These days, Big Brother owns a Learjet ― and a congressman. At a time when drugs are becoming unaffordable, the pharmaceutical industry spent $100 million lobbying to keep Medicare from negotiating lower drug prices. The windfall is like corporate Viagra ― $15 billion extracted annually from consumers.
Some of our more pernicious entities seemed superficially benign. Take Facebook, that monopoly of the mind that enveloped us in narcotizing narcissism while shaping our opinions and replacing friendship with “friends.” Only later did we learn that Facebook enabled Russia to spread disinformation and exploit our social divisions; that Facebook’s executives viewed this with indifference; that they had hired an opposition research firm to sully critics like George Soros and traded our data in exchange for advertising revenue and user data from others, privacy be damned.
Like other quasi-monopolies, Facebook has leveraged its political power to forestall effective investigation and regulation. Mark Zuckerberg is not our “friend” ― though, cosseted, he apparently contemplates becoming our president.
Or take Amazon. Its ability to deliver goods cheaply and conveniently has monopolized consumers ― while throttling competition and killing off brick-and-mortar stores that paid a living wage. Its success has made Jeff Bezos the world’s richest man, the savior of The Washington Post and an aspiring philanthropist.
But working conditions for many Amazon employees are Dickensian: low wages, dependency on food stamps, skimpy vacations, bathroom breaks at warp speed, pressure to work through injuries ― all facilitated by ruthless efforts to suppress unionization.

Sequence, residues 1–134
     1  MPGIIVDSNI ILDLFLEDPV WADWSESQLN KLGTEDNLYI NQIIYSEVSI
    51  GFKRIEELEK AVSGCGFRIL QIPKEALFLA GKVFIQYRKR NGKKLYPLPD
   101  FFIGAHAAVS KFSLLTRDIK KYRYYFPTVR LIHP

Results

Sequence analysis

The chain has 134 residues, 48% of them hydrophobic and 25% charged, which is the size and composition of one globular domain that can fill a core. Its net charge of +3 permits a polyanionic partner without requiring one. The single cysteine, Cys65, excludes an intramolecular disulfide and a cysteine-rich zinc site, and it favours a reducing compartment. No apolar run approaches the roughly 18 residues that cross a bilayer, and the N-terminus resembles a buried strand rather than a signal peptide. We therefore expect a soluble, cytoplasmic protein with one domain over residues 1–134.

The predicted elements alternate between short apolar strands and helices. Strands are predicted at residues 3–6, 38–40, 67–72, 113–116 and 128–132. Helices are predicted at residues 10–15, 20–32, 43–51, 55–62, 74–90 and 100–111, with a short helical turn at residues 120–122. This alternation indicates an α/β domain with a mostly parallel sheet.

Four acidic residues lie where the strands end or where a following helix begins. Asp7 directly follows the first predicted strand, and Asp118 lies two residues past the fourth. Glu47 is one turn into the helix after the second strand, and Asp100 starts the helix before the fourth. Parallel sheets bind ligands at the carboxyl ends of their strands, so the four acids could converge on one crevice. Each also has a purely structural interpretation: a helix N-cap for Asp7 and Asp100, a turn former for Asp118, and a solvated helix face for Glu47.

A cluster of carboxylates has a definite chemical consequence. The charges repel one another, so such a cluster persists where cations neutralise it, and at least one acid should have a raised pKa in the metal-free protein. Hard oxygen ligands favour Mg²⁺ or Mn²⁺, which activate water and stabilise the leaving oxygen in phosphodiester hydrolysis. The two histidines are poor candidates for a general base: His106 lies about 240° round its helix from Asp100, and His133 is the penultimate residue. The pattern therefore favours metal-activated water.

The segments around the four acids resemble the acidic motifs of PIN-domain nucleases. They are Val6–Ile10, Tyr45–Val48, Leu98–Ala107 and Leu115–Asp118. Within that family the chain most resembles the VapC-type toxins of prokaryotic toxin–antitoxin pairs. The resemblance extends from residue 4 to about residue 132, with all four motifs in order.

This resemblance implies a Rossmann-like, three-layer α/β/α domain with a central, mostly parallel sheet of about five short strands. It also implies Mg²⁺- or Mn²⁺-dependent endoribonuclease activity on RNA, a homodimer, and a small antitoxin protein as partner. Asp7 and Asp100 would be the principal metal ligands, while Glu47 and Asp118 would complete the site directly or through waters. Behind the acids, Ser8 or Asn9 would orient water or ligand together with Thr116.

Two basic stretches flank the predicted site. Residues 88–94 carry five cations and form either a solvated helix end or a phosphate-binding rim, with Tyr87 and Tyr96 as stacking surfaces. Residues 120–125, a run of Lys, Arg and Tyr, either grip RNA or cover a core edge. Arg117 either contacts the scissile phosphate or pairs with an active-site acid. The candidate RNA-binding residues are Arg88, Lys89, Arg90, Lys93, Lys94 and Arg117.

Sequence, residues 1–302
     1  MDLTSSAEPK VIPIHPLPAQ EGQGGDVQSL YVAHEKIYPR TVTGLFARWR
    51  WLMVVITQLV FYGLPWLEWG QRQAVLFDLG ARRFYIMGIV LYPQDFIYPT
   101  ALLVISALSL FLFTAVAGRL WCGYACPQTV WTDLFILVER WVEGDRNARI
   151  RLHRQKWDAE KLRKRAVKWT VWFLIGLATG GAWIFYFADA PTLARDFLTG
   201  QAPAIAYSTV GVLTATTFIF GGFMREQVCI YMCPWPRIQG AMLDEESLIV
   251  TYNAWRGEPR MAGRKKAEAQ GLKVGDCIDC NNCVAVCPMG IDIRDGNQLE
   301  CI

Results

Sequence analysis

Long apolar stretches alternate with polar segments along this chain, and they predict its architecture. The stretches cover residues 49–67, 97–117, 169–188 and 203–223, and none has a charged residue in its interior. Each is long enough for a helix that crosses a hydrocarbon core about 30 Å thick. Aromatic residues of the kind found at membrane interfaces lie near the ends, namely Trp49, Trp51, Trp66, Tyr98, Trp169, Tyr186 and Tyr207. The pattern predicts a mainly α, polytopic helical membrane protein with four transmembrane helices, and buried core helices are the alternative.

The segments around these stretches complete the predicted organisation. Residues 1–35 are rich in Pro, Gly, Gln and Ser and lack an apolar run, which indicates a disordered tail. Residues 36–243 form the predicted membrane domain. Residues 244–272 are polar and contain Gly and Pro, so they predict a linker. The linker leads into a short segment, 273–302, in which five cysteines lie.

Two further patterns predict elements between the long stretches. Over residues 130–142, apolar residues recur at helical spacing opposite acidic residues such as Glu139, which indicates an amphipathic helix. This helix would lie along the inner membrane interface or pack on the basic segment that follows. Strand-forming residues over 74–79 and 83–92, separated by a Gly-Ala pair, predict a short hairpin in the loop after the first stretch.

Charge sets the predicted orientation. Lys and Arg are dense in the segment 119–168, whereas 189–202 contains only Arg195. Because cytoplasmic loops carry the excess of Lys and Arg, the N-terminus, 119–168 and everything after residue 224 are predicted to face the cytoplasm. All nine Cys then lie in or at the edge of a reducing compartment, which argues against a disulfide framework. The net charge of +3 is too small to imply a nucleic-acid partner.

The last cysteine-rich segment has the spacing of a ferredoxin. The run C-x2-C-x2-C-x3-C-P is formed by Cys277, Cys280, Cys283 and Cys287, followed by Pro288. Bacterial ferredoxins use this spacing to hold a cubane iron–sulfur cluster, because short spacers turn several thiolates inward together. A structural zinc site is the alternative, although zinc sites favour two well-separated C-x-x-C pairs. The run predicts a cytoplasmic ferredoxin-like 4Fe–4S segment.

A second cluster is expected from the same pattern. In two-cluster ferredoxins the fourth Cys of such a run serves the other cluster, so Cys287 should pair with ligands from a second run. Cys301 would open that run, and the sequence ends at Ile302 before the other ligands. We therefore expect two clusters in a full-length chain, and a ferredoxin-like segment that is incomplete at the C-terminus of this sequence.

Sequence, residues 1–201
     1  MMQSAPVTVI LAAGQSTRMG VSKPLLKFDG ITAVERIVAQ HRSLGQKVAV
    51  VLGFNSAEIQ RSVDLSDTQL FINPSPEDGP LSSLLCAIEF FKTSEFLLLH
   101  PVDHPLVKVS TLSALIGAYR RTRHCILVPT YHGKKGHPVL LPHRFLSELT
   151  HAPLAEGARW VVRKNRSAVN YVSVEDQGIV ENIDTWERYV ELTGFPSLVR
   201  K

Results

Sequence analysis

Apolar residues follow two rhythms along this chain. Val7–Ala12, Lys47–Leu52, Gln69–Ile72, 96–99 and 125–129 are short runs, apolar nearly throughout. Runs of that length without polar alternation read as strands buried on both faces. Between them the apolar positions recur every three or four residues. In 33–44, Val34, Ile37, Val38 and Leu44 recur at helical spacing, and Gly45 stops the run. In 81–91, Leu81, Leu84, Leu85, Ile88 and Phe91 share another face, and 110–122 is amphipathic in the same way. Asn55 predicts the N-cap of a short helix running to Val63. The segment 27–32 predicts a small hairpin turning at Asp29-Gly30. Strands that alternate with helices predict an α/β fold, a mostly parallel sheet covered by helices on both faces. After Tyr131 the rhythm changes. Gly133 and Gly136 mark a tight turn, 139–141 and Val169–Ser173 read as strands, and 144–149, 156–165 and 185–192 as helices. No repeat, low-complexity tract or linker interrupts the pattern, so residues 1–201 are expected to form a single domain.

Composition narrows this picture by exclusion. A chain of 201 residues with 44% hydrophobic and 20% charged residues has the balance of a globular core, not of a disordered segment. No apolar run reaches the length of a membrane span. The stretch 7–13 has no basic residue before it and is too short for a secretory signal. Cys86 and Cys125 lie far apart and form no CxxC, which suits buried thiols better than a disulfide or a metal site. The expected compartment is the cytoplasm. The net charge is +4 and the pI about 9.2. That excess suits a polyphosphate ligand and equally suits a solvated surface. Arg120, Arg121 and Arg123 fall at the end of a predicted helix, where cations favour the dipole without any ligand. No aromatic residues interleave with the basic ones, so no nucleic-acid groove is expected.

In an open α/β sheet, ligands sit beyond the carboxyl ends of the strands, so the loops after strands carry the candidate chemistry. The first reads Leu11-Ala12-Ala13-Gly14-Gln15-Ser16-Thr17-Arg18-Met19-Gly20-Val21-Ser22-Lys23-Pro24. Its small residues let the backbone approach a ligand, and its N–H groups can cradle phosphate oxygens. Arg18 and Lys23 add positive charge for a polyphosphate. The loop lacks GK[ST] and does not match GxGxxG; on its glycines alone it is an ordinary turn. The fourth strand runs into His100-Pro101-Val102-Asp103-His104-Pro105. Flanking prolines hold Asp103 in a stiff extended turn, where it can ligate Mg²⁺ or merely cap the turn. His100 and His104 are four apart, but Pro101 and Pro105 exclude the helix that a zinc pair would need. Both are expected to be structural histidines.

Recently, Amazon auctioned off the placement of its second corporate headquarters, pitting localities against each other in a race to assemble the most attractive package of tax breaks and corporate welfare. That New York contributed an estimated $3 billion captures the power differential between state and local government and a corporate anaconda.
The corporate obsession with satiating shareholders deepens economic, political and societal dysfunction. By breeding a myopic focus on short-term quarterly results, it stints research and development, incentivizes splashy acquisitions, suffocates corporate responsibility and reduces employees to disposable items of expense while licensing CEOs to gorge themselves on stock options.
This monomania for profit feeds the “swamp” that Donald Trump denounced ― and deepens it. Its toxicity combines the unlimited flow of cash licensed by Citizens United, a corrupt tax code laden with breaks for the rich, including hedge fund managers and real estate developers like Trump and Jared Kushner, and misappropriating public policy to propitiate wealthy donors. A salient example is Trump’s fiscally calamitous corporate tax cut: Instead of funding jobs, the windfall went into stock buybacks and the purchase of yet more political power by overstuffed plutocrats.
One leading Trump supporter, casino magnate Sheldon Adelson, rewarded Republicans for his $700 million in tax savings with a $30 million rebate to a GOP super PAC. Faced with trillion-dollar deficits without an end in sight, our children will pay for Adelson’s enrichment and the GOP’s self-aggrandizement.
Millions of Americans have already paid for the de facto immunity granted white-collar criminals and predatory financial institutions. Most conspicuous was the bacchanalia of wrongdoing by banks allowed to become “too big to fail,” which rewarded years of deregulation by producing the Great Recession ― and, in turn, entitled banks to a government bailout.